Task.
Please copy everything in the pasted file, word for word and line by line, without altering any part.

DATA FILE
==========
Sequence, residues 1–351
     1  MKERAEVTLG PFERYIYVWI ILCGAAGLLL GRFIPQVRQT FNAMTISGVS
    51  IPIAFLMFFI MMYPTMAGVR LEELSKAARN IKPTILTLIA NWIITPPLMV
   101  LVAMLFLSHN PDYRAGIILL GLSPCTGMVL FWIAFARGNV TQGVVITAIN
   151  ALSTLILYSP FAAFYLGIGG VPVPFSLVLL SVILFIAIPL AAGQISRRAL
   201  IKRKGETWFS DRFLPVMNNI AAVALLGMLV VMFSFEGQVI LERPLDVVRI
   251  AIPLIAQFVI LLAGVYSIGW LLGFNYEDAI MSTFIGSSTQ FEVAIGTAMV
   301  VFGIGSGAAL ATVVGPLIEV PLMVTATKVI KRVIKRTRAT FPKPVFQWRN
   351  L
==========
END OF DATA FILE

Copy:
Sequence, residues 1–351
     1  MKERAEVTLG PFERYIYVWI ILCGAAGLLL GRFIPQVRQT FNAMTISGVS
    51  IPIAFLMFFI MMYPTMAGVR LEELSKAARN IKPTILTLIA NWIITPPLMV
   101  LVAMLFLSHN PDYRAGIILL GLSPCTGMVL FWIAFARGNV TQGVVITAIN
   151  ALSTLILYSP FAAFYLGIGG VPVPFSLVLL SVILFIAIPL AAGQISRRAL
   201  IKRKGETWFS DRFLPVMNNI AAVALLGMLV VMFSFEGQVI LERPLDVVRI
   251  AIPLIAQFVI LLAGVYSIGW LLGFNYEDAI MSTFIGSSTQ FEVAIGTAMV
   301  VFGIGSGAAL ATVVGPLIEV PLMVTATKVI KRVIKRTRAT FPKPVFQWRN
   351  L